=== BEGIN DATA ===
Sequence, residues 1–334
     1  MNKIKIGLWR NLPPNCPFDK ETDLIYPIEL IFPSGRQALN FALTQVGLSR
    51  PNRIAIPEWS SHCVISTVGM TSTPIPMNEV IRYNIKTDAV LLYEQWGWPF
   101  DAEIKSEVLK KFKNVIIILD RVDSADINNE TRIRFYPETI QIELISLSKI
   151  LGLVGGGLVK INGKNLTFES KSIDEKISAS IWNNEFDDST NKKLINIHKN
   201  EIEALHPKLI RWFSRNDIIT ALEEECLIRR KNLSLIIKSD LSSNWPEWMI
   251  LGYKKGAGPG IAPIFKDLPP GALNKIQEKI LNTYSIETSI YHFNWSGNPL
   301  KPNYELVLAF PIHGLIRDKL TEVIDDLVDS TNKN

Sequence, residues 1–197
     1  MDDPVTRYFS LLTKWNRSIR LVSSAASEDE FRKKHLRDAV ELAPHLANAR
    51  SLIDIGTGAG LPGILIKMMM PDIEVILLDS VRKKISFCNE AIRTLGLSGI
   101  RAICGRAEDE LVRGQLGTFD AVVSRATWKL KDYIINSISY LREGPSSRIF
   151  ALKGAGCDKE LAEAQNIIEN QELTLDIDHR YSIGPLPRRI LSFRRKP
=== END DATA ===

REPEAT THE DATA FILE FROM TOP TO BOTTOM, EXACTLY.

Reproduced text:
Sequence, residues 1–334
     1  MNKIKIGLWR NLPPNCPFDK ETDLIYPIEL IFPSGRQALN FALTQVGLSR
    51  PNRIAIPEWS SHCVISTVGM TSTPIPMNEV IRYNIKTDAV LLYEQWGWPF
   101  DAEIKSEVLK KFKNVIIILD RVDSADINNE TRIRFYPETI QIELISLSKI
   151  LGLVGGGLVK INGKNLTFES KSIDEKISAS IWNNEFDDST NKKLINIHKN
   201  EIEALHPKLI RWFSRNDIIT ALEEECLIRR KNLSLIIKSD LSSNWPEWMI
   251  LGYKKGAGPG IAPIFKDLPP GALNKIQEKI LNTYSIETSI YHFNWSGNPL
   301  KPNYELVLAF PIHGLIRDKL TEVIDDLVDS TNKN

Sequence, residues 1–197
     1  MDDPVTRYFS LLTKWNRSIR LVSSAASEDE FRKKHLRDAV ELAPHLANAR
    51  SLIDIGTGAG LPGILIKMMM PDIEVILLDS VRKKISFCNE AIRTLGLSGI
   101  RAICGRAEDE LVRGQLGTFD AVVSRATWKL KDYIINSISY LREGPSSRIF
   151  ALKGAGCDKE LAEAQNIIEN QELTLDIDHR YSIGPLPRRI LSFRRKP